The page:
By Paul Parker, SolarWinds Federal & National Government Chief Technologist
Modernizing legacy systems is back on the front burner. Here's an interesting article from my colleague, Joe Kim, in which he reminds us not to forget about the network.
The Modernizing Government Technology (MGT) Act was signed into law last year and there’s one bipartisan truth that everyone can agree on: Legacy technologies are keeping agencies’ IT operations from being efficient, reliable, and secure.
But while the MGT Act focuses primarily on the need to upgrade individual IT systems, agencies should start their modernization initiatives at the network level.
Many of the network technologies that government agencies have used for years no longer cut it in today’s cloud-driven world. Many of these systems are not secure, and are unsuitable for current and future network demands.
Let’s take a look at some ways legacy IT networks are holding us back, and how modern network architectures can help propel us forward.
Modern security for today’s challenges
Outdated networks must be modernized for better efficiency and to be able to detect, defend, and evolve against today’s cyber threats. Managers must explore creating modern and automated networks that are software defined. This will give managers with automated platforms the ability to detect and alert to potential security risks. An automated network can also serve as a flexible infrastructure designed to adapt to future needs.
Greater flexibility for now and the future
Unlike legacy IT networks, modern, software-defined network architectures are built on open standards; thus, they are more flexible and can easily scale depending on the needs and demands of the agency.
Today’s networks cannot be rigid. Managers must be able to automatically scale them up or down as needed. Networks must be adaptable enough to accommodate usage spikes and changing bandwidth requirements, so bottlenecks are eliminated and five nines of availability is maintained.
Open, software-defined network architectures allow for this, while also enabling managers to deploy different solutions to suit their needs and budgets. Agencies may be using a combination of services and solutions, and it’s not uncommon for agencies to use a hybrid IT infrastructure that includes technologies from different vendors.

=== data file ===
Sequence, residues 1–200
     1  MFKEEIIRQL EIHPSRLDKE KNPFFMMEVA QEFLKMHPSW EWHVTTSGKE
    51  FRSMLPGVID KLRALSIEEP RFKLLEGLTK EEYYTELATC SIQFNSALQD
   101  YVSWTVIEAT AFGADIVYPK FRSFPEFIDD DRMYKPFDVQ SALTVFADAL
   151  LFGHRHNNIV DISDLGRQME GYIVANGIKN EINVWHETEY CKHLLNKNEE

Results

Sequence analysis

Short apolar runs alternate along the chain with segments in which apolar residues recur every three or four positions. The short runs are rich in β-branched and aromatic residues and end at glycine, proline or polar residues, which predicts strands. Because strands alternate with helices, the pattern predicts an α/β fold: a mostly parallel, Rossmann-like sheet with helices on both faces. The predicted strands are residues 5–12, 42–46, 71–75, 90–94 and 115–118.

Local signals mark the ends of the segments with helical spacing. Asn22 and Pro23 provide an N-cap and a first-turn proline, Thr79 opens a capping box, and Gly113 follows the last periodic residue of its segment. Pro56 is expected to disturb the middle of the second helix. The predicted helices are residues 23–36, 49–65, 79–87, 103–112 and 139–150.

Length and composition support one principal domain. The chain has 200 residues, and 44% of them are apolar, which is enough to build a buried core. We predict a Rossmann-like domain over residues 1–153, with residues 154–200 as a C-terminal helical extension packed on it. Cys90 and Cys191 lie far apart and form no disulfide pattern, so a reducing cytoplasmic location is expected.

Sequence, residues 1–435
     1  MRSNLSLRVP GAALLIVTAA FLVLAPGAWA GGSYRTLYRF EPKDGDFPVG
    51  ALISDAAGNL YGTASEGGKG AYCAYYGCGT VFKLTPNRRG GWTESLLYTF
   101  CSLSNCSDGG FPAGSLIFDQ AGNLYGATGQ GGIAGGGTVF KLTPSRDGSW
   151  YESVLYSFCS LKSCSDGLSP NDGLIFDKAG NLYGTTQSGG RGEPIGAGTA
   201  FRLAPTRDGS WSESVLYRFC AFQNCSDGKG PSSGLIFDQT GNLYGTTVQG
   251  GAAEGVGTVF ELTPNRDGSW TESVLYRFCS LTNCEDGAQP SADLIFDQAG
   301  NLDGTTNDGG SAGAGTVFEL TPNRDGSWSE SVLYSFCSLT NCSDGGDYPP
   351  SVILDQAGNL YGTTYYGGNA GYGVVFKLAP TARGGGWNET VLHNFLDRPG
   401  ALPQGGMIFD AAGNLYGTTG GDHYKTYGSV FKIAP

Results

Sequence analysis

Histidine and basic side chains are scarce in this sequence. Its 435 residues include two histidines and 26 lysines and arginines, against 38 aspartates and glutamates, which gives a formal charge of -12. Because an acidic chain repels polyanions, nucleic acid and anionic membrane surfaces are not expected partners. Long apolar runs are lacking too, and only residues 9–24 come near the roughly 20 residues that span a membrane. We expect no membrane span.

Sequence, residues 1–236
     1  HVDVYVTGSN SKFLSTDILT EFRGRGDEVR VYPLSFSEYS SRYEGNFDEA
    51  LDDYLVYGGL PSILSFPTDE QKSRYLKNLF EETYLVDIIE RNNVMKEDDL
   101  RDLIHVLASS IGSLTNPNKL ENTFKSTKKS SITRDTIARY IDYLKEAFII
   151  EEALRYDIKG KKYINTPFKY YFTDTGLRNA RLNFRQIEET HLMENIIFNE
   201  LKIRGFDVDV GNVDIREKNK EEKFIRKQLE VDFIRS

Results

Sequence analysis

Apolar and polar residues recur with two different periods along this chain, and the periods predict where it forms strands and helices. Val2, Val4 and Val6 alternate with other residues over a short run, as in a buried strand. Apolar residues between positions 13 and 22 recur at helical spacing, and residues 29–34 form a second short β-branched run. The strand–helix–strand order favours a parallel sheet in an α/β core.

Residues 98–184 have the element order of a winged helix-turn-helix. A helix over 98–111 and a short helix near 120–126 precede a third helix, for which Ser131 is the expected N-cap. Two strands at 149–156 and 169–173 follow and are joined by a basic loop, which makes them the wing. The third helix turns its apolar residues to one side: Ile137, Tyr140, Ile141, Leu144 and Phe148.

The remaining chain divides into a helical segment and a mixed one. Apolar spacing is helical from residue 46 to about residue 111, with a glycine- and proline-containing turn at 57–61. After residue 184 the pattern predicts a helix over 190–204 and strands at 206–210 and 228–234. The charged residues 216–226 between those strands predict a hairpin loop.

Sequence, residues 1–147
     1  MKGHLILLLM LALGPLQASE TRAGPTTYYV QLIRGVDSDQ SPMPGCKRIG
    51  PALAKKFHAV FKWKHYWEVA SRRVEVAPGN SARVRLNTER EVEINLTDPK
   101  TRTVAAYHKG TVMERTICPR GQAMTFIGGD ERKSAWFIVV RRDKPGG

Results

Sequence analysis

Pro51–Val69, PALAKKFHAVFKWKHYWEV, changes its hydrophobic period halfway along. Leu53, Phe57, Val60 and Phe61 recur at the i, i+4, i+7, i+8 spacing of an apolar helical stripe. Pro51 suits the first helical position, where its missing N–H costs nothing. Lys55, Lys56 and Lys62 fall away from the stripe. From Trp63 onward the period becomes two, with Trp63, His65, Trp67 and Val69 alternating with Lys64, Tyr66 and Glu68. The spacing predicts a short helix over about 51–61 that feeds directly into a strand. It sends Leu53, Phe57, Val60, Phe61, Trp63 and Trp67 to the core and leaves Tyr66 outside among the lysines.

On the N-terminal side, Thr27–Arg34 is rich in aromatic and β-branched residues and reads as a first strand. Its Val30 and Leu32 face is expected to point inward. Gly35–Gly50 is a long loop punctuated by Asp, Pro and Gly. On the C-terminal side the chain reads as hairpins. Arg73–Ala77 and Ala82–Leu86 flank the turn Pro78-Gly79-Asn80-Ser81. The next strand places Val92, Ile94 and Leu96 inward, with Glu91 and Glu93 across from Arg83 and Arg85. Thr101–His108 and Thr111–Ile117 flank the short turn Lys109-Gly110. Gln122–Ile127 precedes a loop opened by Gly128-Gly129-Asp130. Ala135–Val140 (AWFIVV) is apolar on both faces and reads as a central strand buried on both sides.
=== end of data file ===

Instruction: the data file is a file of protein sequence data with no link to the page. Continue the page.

Insight into hybrid infrastructures
Hybrid IT networks are becoming more commonplace in the public sector. In fact, a recent SolarWinds report indicates that a majority of government agencies surveyed are moving to the hybrid model.
Managers must investigate and consider deploying solutions that can provide insight into the network operations and applications wherever they may reside, both on- and off-premises. They need to be able to see through the blind spots that exist where their data moves between their hosting providers and on-site infrastructures. Having this complete and unimpeded perspective is critical to maintaining reliable, fast, and well-protected networks.
These networks are the beating hearts of federal IT, and while there’s little doubt that individual hardware components must be updated, we cannot forget about the infrastructure that drives all of these pieces. While the MGT Act is a step in the right direction, none of us should lose sight of the fact that it is network modernization that will ultimately drive better security, reliability, and efficiency.
Find the full article on Federal News Radio.